So, what does a rotation of Zimmermann, Marquis, Livan, Maya and Lannan get you in 2011?  70 wins?  more?  less?  Do we need to look into free agency?

Worst news for Strasburg

leave a comment


I’m listening (well, I was until I heard the words “significant tear” and “ulnar ligament” in the same sentence) to live stream of the Strasburg news conference.

How ironic is it that Strasburg needs this surgery the exact day that our previous high-end power pitching prospect Jordan Zimmermann returns from the same surgery?  He made it back in 13 months; Strasburg probably won’t feature for us until 2012 based on the timing of the injury (why bring him back to make one september start next year?)

Huge blow.  You have to think this pushes back the realistic “season that we’ll really be competitive” a whole year.  Do you think this event changes the Lerner’s minds about giving out huge bonuses to unproven talent?

Written by Todd Boss

August 27th, 2010 at 10:52 am

Zimmermann’s return to the rotation…

leave a comment

An interesting day in the Nationals short franchise lifetime.  Lots of stuff went down yesterday: wunderkid Bryce Harper‘s introduction and BP show, Strasburg‘s career affecting arthrogram, the results of which (as we just have found out) probably means Tommy John surgery, and Jordan Zimmermann‘s first major league start since Tommy John surgery 13 months ago.

Lets talk about Zimmermann’s start.  A tough opposing team in the Cardinals didn’t help matters.  His final line wasn’t great.  4ip, 7 hits, 1 walk (the first batter he faced), one towering homer given up to this generation’s greatest hitter in Albert Pujols, and 5 earned runs.  70 pitches, 42 for strikes.  A bonanza of 9th inning scoring and 13th inning heroics earned the win for the team.

Zimmermann’s fastball was there for sure.  92-93 on the gun consistently, peaking at 94 a couple times per the Pitch f/x data.  Despite not giving up walks, he didn’t really have control of the fastball though.  His curve seemed waaaay too slow, floating in at 76mph for a delta from the fastball that I think is so distinct that hitters can adjust and swing strongly.  His strike zone map was all over the place.  Perhaps its rust, perhaps its more indicative that the AAA league (where he was absolutely dominant) is just not a good indicator of major league success.

Summary; its good to have him back, especially considering that he’s now just taken the reigns as next year’s rotational power pitcher for our team, and we hope that this is something he can build on.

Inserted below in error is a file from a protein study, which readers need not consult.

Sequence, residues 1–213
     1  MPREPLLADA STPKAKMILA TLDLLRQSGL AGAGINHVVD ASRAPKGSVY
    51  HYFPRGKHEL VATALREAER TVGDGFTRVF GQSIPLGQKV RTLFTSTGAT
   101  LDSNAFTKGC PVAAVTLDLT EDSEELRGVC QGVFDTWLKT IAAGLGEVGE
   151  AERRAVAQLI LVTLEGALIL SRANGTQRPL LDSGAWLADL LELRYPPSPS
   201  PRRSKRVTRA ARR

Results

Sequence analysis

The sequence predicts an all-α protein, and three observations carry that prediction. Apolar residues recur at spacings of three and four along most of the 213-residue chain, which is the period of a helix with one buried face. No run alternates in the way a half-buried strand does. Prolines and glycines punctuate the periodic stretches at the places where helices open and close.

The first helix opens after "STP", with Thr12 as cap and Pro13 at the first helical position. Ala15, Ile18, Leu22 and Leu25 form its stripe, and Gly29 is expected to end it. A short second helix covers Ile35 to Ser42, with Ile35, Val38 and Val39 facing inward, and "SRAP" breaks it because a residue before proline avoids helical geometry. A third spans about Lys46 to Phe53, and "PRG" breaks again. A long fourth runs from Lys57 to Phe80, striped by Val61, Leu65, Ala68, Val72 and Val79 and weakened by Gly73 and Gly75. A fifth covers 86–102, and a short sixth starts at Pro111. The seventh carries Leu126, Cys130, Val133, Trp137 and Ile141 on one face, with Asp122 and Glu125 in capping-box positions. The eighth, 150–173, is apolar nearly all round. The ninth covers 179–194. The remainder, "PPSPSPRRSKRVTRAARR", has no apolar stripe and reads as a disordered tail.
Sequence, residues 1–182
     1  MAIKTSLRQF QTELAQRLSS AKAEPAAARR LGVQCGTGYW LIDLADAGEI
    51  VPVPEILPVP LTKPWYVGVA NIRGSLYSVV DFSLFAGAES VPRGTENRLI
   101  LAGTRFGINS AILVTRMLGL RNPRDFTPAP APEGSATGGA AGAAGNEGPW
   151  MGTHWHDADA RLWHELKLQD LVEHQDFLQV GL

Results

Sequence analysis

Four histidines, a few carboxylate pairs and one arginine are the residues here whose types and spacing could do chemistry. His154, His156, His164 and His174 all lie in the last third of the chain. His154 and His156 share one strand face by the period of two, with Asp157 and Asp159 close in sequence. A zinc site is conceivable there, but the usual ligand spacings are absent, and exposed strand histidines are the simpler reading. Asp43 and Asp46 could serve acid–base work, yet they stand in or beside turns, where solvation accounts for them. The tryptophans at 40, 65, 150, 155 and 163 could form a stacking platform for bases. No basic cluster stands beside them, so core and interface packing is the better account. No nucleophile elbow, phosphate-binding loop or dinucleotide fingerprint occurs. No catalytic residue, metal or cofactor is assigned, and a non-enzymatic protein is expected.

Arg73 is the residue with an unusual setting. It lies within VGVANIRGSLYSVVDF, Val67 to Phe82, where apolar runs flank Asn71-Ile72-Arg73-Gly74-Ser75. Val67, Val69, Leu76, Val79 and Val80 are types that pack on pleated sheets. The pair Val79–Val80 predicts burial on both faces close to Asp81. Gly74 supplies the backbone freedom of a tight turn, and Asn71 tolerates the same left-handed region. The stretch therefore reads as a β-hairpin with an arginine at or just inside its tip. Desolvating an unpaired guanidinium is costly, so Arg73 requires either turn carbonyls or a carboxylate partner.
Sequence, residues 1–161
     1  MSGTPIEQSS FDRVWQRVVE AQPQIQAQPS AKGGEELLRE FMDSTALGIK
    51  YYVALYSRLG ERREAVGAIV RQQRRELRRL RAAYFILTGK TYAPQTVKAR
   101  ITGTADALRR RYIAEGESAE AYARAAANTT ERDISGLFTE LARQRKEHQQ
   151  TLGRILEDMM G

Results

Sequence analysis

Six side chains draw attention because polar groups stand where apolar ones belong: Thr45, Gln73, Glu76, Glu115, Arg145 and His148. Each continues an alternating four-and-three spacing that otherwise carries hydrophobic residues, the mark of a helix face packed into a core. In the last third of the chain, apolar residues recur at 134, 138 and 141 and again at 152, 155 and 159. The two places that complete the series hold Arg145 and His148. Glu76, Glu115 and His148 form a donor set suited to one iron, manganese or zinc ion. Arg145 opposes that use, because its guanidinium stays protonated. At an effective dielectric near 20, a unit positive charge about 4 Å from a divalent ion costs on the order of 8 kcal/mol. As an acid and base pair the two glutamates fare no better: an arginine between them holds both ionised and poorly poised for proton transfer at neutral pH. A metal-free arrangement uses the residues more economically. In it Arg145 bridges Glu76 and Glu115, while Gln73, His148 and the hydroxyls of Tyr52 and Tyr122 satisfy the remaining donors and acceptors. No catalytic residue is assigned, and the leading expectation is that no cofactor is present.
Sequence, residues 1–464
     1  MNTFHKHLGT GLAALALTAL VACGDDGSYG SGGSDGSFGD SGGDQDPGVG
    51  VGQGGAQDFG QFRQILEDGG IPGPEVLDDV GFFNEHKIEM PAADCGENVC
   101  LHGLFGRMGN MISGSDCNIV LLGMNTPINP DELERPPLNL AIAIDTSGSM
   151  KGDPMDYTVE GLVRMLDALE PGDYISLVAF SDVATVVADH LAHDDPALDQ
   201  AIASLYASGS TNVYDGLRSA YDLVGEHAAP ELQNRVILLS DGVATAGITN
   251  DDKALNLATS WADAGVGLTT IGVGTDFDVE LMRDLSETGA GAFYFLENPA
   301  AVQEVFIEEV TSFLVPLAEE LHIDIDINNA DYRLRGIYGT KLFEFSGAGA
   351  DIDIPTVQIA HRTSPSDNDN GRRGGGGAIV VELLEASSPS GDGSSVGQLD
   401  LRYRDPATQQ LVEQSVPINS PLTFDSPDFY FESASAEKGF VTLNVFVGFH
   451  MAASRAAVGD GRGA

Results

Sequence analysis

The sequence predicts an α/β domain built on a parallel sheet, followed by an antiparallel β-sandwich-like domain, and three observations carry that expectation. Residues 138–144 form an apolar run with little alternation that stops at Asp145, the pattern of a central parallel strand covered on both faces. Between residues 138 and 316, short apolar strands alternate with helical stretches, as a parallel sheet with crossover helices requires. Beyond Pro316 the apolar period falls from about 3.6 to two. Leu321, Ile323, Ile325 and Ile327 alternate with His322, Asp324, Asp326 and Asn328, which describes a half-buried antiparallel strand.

Written by Todd Boss

August 27th, 2010 at 10:42 am

Marquis looks pretty good…

leave a comment

Jason Marquis was an unlucky loser last night, getting tagged with the loss despite going 7 1/3 and only giving up one earned run (a run that was inherited and allowed to score by Tyler Clippard, who had one of his worse outings of the year).  In this one outing Marquis managed to lower his era from 11.39->8.79, lower his WHIP from 2.25 to 1.919, and increase his ERA+ from 36 to 47 on the year (see Nats baseball-reference team stats).

So, how did he look?  Actually, his pitching line rather flattered his performance early on.  He walked the leadoff hitter and went 3-2 on the 2nd hitter and was sitting at 15 pitches without recording an out.  His sinker was high, he was missing his spots by several feet, and was getting bailed out by the very generous strike zone from the home plate umpire Bob Davidson.  Marquis even added in a balk call (an obvious balk, i’m not sure why either he or Riggleman bothered to argue it).   Then to add insult to injury Zimmerman threw away a relatively easy grounder to put Marquis into a 1st and 2nd, no outs 1st inning jam. Marquis weaseled his way out of the jam more through luck and a very weak Cubs lineup.  But no damage was done.

Through the next couple innings he still struggled with his control, getting helped out by very high strikes on balls that better hitters would have clubbed.  On one such pitch he was even seen on camera to audibly curse despite getting a called strike (because it was a sinking fastball left belt-high over the plate).  However, by the 4th inning he was back in the groove.  Suddenly he had his sinking movement back, he was starting balls over the plate and having them end on the hitter’s hands, he was throwing his changeup for strikes, and he looked pretty dominant.

In the 8th, Marquis was sitting on about 90 pitches and faced a pinch hitter for opposing starter Ryan Dempster (in a rather shocking decision by the Cubs new manager Mike Quade, taking out Dempster at that point.  Game is 0-0, he’s at 79 pitches through 7 complete innings and had given up 2 hits.  why not let him go further?  Can’t disagree with the results though; Dempster’s PH gets on, scores and earns the win for the team)  In any case, Marquis walked the pinch hitter and within a few minutes immediately showed why leadoff walks hurt.  Clippard allows the guy to steal first pitch, then a mistake to the Cubs star rookie Castro results in a run scoring double.